When building products in a complex space like the one Vendasta thrives in, product management needs to evolve.
Vendasta is an ecosystem with three primary users joined together to form a marketplace for transactions. We serve three independent but connected user types who share the need to solve friction for six use cases: build, market, sell, bill, fulfill, and deliver. At Vendasta our three user types are channel partners, vendors and the small and medium businesses (SMBs) they and we serve. We also bring together those use cases, offering an end-to-end solution or operating system for our users.
Fundamentally these use cases and users come together to help local economies thrive by democratizing technology. Helping channel partners, vendors, and SMBs find new people to buy the products they offer is at the heart of what we do at Vendasta. Additionally we help them find additional products or services to sell to the people they already know, driving local transactions.
In this complex environment you can’t follow the typical product management theories of narrow focus. You can’t rely on the adage that the most important power for a product manager is saying “no”.
Most product management advice you read in a textbook, substack or tweet thread was written from experience in a previous mindset. That mindset was formed when raising seed capital was hard, during a time when standing up a tech stack took serious time and capital. The classic refrain in that era was to have a super narrow focus, deliver features and obsessively hone in on a specific user and customer segment. This approach has been very successful and led to an explosion in the SaaS industry, which has increased in size by around 500 percent over the past seven years.
With this explosion we have a new competitive landscape. Our users have new problems to solve which means we have to evolve our product management philosophies to keep up.
In the previous era finding a point solution to solve a problem felt much like discovering that crumpled up $10 bill in your winter coat. You know, that one from last winter you only discovered when you dug your coat out again for the first snow? A feeling of pure delight.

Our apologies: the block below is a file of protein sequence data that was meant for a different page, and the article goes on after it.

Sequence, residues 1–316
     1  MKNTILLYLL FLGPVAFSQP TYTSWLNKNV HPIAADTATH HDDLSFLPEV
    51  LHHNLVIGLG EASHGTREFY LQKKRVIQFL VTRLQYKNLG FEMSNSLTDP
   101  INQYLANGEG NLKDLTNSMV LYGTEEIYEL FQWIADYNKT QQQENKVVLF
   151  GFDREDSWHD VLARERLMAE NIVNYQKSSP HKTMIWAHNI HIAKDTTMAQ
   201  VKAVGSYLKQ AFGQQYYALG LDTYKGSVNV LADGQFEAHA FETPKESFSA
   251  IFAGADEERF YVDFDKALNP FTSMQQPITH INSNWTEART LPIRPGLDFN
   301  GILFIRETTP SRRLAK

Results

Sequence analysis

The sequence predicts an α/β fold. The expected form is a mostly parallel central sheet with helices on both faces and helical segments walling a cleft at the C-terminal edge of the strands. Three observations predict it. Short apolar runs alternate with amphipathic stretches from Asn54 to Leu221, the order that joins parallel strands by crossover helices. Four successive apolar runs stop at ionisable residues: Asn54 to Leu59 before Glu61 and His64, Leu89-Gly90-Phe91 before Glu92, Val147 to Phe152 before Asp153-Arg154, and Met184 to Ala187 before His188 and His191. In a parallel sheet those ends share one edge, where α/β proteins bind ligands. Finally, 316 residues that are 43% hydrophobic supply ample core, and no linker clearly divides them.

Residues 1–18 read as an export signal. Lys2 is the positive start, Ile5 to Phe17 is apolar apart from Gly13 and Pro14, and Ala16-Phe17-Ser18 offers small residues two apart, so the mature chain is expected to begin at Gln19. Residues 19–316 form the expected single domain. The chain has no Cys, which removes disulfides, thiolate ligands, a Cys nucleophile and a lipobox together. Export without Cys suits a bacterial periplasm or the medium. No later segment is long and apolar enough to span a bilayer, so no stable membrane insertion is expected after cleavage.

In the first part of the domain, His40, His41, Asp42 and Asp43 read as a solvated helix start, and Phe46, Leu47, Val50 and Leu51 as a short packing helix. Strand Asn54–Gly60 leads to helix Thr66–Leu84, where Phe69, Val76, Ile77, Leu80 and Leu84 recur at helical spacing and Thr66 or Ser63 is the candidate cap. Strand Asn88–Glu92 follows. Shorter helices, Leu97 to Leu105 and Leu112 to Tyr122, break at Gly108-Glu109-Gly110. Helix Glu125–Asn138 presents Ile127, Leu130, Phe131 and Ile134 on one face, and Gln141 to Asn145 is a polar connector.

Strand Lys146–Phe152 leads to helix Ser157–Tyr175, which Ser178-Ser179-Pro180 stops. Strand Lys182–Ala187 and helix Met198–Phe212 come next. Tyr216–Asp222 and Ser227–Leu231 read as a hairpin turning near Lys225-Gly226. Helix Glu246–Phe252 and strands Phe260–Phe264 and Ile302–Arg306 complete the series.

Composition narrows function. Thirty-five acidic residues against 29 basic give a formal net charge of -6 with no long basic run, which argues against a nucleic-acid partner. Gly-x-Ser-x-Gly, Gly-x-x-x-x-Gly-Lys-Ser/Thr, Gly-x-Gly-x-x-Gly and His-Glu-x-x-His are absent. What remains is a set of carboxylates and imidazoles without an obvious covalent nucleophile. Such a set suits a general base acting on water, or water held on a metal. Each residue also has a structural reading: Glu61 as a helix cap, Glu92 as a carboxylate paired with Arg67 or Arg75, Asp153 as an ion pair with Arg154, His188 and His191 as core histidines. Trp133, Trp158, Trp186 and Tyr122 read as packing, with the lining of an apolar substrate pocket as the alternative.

Today, the expectations have changed. The typical software purchaser's expectations have changed. Just like how our expectations of Google have changed over the last 20 years.
In the early days of Google search, getting a search result with 10 blue links felt satisfying, we would cobble together an answer from those disjointed but relevant choices. Today the expectation is that Google will give me a perfect single answer to my question. People don’t want to buy 10 independent software solutions, they want a platform or operating system that empowers them to grow their business.
Today an organization that makes an investment in a SaaS product is expecting it to solve an important job to be done (JTBD). To meet this evolving market desire, it means Vendasta must build software that offers solutions to the interoperability of our partners six primary use cases:
This should be achieved while also allowing our three cohorts of users to interact with each other, generating efficient transactions and seamless multi-party threaded communication.
To do this Vendasta needs to think and behave more like what Ripplings founder Parker Conrad calls a “Compound Startup”.